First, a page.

5. Pam Smith (La Sportiva) – 22:38:50 (pre-race interview along with Nikki Kimball)
  6. Melanie Fryar – 23:12:35
  7. Jenny Pierce – 24:04:42
  8. Cassie Scallon (Salomon) – 24:49:26
  9. Alyssa Wildeboer (Pearl Izumi) – 24:56:05
  10. Salynda Fleury – 26:43:21

Nikki Kimball working a hill early in the Run Rabbit Run 100. Photo: iRunFar/Bryon Powell

2013 Run Rabbit Run 100 Articles, Race Reports, and More

Articles, Photo Galleries, and Video

Race Reports

Thanks

Thanks to Matt Curtis and Sarah Kostin for helping provide on-course coverage of the race!

Bryon Powell: is the Editor-in-Chief of iRunFar.com, which he founded more than 10 years ago. Having spent more than 15 years as an ultrarunner and 25 years as a trail runner, he's also written Relentless Forward Progress: A Guide to Running Ultramarathons and co-wrote Where the Road Ends: A Guide to Trail Running. These days he calls Moab, Utah and its trails home.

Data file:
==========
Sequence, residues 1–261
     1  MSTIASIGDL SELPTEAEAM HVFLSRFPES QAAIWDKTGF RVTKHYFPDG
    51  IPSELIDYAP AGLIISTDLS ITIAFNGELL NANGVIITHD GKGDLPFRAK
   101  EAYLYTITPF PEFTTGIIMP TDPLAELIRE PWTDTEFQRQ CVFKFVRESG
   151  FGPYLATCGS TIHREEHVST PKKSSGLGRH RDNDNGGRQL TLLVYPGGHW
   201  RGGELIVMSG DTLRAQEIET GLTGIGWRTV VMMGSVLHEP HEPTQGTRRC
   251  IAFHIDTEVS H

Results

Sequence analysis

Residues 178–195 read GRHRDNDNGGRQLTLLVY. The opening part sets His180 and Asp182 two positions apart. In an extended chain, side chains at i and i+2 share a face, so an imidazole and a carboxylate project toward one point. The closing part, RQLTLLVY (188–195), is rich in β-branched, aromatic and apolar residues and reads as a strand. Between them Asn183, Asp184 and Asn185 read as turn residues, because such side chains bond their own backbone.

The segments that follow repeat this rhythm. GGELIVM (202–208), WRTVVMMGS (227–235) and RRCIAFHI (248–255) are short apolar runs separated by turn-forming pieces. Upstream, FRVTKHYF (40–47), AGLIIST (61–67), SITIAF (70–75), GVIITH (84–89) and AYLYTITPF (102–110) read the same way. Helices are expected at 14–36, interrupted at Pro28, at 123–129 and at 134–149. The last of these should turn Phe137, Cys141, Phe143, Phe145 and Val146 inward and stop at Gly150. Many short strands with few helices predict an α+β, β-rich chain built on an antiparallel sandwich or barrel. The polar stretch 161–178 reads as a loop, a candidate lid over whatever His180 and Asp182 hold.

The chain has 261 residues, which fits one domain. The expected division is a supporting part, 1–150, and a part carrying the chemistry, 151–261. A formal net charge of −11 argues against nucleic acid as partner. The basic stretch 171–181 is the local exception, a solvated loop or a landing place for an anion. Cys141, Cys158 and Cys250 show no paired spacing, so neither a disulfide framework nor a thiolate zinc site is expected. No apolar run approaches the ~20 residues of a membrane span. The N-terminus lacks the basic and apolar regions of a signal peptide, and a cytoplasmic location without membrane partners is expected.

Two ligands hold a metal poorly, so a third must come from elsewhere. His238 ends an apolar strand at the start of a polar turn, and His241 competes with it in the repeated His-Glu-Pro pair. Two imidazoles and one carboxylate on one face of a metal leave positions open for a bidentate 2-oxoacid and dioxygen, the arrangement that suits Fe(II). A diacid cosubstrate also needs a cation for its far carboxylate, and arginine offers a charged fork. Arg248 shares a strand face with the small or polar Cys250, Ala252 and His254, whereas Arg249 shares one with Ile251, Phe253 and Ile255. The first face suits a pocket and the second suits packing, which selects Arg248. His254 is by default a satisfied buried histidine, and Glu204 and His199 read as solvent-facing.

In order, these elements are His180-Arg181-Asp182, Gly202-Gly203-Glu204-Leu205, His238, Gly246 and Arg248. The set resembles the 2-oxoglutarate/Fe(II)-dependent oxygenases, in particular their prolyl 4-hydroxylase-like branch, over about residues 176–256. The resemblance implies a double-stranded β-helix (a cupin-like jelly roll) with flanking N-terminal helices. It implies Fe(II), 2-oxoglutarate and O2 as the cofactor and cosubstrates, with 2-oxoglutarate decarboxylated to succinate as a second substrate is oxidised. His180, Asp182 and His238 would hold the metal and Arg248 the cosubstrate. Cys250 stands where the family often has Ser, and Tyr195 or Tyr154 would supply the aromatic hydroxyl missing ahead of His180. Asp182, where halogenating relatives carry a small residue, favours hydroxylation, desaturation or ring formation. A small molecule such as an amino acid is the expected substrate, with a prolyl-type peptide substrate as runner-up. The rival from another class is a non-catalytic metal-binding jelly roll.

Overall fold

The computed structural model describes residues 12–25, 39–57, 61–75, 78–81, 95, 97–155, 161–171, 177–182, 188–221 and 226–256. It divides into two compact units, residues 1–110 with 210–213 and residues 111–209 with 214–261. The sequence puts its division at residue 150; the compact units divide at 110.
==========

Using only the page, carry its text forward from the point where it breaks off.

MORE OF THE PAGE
View Comments (62)

  • I can´t believe that Tim Olsen get it done, again 5th place after 4th two weeks ago,

    three 100 miles races, and a lots of other top runs. For me, he is the number one in the USA.

    thomas

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  • Timothy Olson hurts and still doesn't quite. Very impressive!

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  • Sorry, everyone, I meant quit.

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  • Wow, great race! Schlarb has to feel pretty darn good. I'm probably most impressed with Tim Olson, though - I hope he has some time off planned! Also impressed that 4 of the top 10 were women! :) Fantastic race by Michele.

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  • Just read that Tim Olsen will run the Bear in 2 weeks also... wow

    ...jk

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    • Seriously? Geez - love the guy. Hope he doesn't burn out! Geoff Roes ailments should be a warning to us all!